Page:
|Birth: ||May 3, 1910|
|Death: ||Oct. 18, 2011|
Los Angeles County
age: 101 yrs 5 mos 15 days
Norman Corwin, a creative giant of the Golden Age of Radio whose programs chronicling World War II are milestones in broadcasting, has died. He was 101.
Corwin died Tuesday at his Los Angeles home of natural causes, according to the USC Annenberg School for Communication & Journalism where Corwin remained a writer in residence until his death.
During a career that spanned more than 70 years, Corwin wrote, produced and directed for radio, television, film and the stage.
Norman Lewis Corwin was an American writer, screenwriter, producer, essayist and teacher of journalism and writing. His earliest and biggest successes were in the writing and directing of radio drama during the 1930s and 1940s.
Norman Corwin was among the first producers to regularly use entertainment—even light entertainment—to tackle serious social issues. In this area he was a peer of Orson Welles and William N. Robson, and an inspiration to other later radio/TV writers such as Rod Serling, Gene Roddenberry, Norman Lear, J. Michael Straczynski and Yuri Rasovsky.
He was the son of Samuel and Rose Corwin and was born in Boston, Massachusetts. Norman Corwin was a major figure during the Golden Age of Radio. During the 1930s and 1940s he was a writer and producer of many radio programs in many genres: history, biography, fantasy, fiction, poetry and drama. He was the writer and creator of series such as The Columbia Workshop, 13 By Corwin, 26 By Corwin and others. He recently was a lecturer at the University of Southern California.
Norman Corwin won a One World Award, two Peabody Medals, an Emmy, a Golden Globe, a duPont-Columbia Award; he was nominated for an Academy Award for Writing Adapted Screenplay for Lust for Life (1956). On May 12, 1990, he received an Honorary Doctorate from Lincoln College. In 1996 he received the Doctor of Humane Letters honoris causa from California Lutheran University. Norman Corwin was inducted into the National Radio Hall of Fame in 1993.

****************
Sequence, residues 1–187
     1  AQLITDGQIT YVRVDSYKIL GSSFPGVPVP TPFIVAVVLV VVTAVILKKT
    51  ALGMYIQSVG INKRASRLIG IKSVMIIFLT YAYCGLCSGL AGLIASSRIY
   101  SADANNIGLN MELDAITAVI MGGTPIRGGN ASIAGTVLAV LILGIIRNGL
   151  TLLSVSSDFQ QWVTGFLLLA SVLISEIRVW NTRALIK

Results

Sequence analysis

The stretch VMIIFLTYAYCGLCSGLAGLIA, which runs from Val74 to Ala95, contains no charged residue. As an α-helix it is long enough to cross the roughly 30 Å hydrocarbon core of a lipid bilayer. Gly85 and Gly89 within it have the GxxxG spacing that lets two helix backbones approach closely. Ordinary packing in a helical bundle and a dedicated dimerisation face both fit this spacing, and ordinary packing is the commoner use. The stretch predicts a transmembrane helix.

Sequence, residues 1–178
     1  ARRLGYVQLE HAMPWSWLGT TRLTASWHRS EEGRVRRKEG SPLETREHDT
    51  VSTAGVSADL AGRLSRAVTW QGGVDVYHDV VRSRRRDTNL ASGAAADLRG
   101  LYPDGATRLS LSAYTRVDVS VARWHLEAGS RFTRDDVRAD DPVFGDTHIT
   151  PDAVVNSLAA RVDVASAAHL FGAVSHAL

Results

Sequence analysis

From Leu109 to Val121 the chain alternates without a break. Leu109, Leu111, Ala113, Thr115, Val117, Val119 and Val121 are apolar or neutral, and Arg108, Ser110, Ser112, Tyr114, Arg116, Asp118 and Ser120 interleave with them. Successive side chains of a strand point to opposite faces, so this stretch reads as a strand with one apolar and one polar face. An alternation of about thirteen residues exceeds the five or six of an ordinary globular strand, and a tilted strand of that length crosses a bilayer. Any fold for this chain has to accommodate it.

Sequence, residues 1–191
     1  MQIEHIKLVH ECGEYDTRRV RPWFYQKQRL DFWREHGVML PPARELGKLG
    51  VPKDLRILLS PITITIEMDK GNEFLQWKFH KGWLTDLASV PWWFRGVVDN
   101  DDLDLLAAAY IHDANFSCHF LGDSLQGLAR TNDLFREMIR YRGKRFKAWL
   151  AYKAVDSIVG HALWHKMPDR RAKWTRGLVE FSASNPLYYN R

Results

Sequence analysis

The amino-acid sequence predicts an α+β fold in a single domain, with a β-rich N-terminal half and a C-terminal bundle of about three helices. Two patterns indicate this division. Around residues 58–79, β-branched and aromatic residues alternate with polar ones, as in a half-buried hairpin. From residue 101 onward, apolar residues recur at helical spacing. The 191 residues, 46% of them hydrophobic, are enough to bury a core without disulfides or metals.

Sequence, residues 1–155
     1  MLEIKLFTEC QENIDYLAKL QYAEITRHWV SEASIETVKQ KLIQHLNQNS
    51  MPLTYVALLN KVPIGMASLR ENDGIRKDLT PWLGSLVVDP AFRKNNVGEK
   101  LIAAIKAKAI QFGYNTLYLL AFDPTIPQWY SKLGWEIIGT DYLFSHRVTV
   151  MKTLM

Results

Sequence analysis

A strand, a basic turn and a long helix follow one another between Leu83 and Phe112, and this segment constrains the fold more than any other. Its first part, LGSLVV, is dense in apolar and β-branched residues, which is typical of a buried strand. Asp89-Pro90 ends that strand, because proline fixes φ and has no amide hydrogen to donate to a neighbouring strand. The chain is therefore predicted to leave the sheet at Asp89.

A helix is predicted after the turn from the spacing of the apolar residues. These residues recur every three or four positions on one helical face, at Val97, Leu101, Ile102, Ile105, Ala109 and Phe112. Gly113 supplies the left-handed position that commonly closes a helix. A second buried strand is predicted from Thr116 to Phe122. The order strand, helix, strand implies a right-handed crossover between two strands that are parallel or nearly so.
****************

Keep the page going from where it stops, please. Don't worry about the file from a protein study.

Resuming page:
A documentary film on Norman Corwin's life, A Note of Triumph: The Golden Age of Norman Corwin, won an Academy Award for Best Documentary in 2006. Les Guthman's feature documentary on Norman's career, Corwin aired on PBS in the 1990s. He was inducted into the Pacific Pioneer Broadcasters Diamond Circle in 1994.
Norman Corwin wrote several books, which include Trivializing America; plus many essays, letters, articles and plays.
During the 1990s, Norman Corwin returned to radio drama, producing a series of radio plays for National Public Radio. In 1993, Norman Corwin was finally inducted into the Radio Hall of Fame after a long career. And in 2001, NPR aired six new plays by Norman Corwin under the title More By Corwin. He also lectured at USC as a visiting professor and was also on the Advisory Board of the National Audio Theatre Festival. Norman Corwin celebrated his 100th birthday in May 2010.
Norman Corwin died on October 18th, 2011. This online memorial has been created to honor the life of Norman Corwin and his extraordinary career. May he rest in peace.
Samuel H. Corwin (1876 - 1987)
Rose Ober Corwin (____ - 1961)
Katherine Locke (1910 - 1995)*
Created by: Marilyn
Record added: Oct 19, 2011
Find A Grave Memorial# 78706535
Added: Oct. 18, 2014
Mr. Corwin was an outstanding speaker at a week-long Carl Sandburg seminar I attended in May, 1992 at the North Carolina Center for the Advancement of Teaching (NCCAT).|
Added: Oct. 19, 2013
Added: Sep. 18, 2012
|There are 2 more notes not showing...|
Click here to view all notes...